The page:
Trump struggling to find lawyers because he’s a “uniquely difficult client”

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Donald Trump; Gavel Photo illustration by Salon/Getty Images

Donald Trump; Gavel Photo illustration by Salon/Getty Images

Donald Trump could soon be facing a federal indictment for his role in attempting to overturn the 2020 election, but the former president is struggling to assemble a legal team that can defend him.

One attorney, who spoke with Rolling Stone, said he declined the offer to represent the former president since Trump’s personal lawyers often find themselves in legal jeopardy while working for him.

Others believe the defense is destined to lose the case in the nation’s capital, a jurisdiction where Jan. 6th rioters have been receiving convictions for months.

In recent weeks, some of Trump’s top legal and political advisers have even privately referred to the task of defending him against an indictment in the 2020 election case as a “suicide mission”, Rolling Stone reported.

Other lawyers, who have been approached about joining Trump’s legal team and initially showed interest, later backed out after their colleagues raised concerns. Partners at their firms objected to representing Trump as a client, fearing the potential loss of other clients, according to Rolling Stone.

“President Trump is struggling to find attorneys to defend him because he embodies the worst attributes of difficult clients: he is known to ignore legal advice; he will ask his lawyers to engage in ethically dubious behavior; he often refuses to pay his legal bills; and, he always thinks he knows best,” Temidayo Aganga-Williams, white-collar partner at Selendy Gay Elsberg and former senior investigative counsel for the House Jan. 6 committee, told Salon.

“Although President Trump faces an uphill battle in his numerous criminal cases, his inability to find and keep quality legal counsel is not because his cases will be tough to defend,” Aganga-Williams said. “Lawyers take on hard cases all the time. President Trump is a uniquely difficult client.”

Even prominent lawyers who have been publicly defending Trump are refraining from taking on this particular case. Alan Dershowitz, the lawyer who defended Trump in his first Senate impeachment trial, told Insider last August that most reputable law firms are avoiding any association with Trump as his legal issues continue to escalate.

“All big-firm lawyers have told me that their firms won’t let them do it,” Dershowitz said in an interview. “The firms won’t let them go near any case involving Trump. These are firms that want to continue to have clients, and they know that if they represent Donald Trump, they’ll lose a lot of clients.”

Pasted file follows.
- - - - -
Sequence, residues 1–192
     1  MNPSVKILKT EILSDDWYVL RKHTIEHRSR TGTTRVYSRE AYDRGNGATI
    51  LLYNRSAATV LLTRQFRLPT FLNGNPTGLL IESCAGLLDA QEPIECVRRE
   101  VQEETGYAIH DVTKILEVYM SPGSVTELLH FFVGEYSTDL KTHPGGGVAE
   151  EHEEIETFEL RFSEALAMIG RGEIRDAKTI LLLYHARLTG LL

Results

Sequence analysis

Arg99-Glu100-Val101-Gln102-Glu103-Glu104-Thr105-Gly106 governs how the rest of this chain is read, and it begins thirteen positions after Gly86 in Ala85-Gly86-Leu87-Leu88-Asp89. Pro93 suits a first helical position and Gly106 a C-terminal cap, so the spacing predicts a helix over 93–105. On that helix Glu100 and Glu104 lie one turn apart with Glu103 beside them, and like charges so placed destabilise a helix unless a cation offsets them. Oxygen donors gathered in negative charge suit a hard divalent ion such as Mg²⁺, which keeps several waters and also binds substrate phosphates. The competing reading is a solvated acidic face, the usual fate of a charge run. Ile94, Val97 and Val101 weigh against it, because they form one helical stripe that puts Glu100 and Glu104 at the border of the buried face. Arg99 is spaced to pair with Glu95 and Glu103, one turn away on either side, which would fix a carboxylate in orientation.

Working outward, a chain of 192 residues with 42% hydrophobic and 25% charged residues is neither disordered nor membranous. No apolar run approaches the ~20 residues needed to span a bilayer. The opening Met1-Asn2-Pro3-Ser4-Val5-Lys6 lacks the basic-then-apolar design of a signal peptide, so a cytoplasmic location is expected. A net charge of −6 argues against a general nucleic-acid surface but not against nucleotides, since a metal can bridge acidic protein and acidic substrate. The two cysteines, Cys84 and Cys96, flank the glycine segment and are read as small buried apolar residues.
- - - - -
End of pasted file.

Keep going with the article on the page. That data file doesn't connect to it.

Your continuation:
The challenges in recruiting legal representation in a case of this historic magnitude is a unique one for Trump – who “revels in being a lightning rod for controversial and baseless positions,” Aganga-Williams pointed out.

“This may make for good politics for Trump, but for any serious lawyer, it is a recipe of reputational damage,” he added.

Even still, the ex-president is laser-focused on turning any potential trial into a spectacle to rehash his baseless election fraud theories. Privately, Trump has conveyed to members of his team that if prosecutors proceed with a Jan. 6-related case against him, he wants the trial to serve as a platform to promote his false claims of winning the 2020 election, two people told Rolling Stone.

Trump has also said that during the trial — which he’s hoping will be televised — his lawyers should display “proof” of Trump’s lie that the 2020 election was stolen.

But a D.C. district court judge will have a “low tolerance” for the former president’s “antics outside the courtroom and a high expectation that he respect the orders that come from inside the courtroom,” Aganga-Williams said.

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He added that the jury pool will also not be favorable for Trump, having a “uniquely personal” understanding of the real-world impact of the attack on the U.S. Capitol.

“Not many cases will have jurors that have likely visited and revered the very scene of the crime,” he said.

But that doesn’t mean that Trump won’t receive a fair trial since the court system has a rigorous process to exclude jurors with overt political bias, and Trump’s legal team will also have a say during the jury selection process. At the same time though, the significant local support for Trump’s Democratic opponents indicates that he is unlikely to find much sympathy in the courtroom for his desperate efforts to try to overturn the election and claim that he is the target of a “witch hunt.”

Trump has already been indicted in New York on charges related to allegedly falsifying business records in connection with a hush money payment scheme as well as in the classified documents case in southern Florida.

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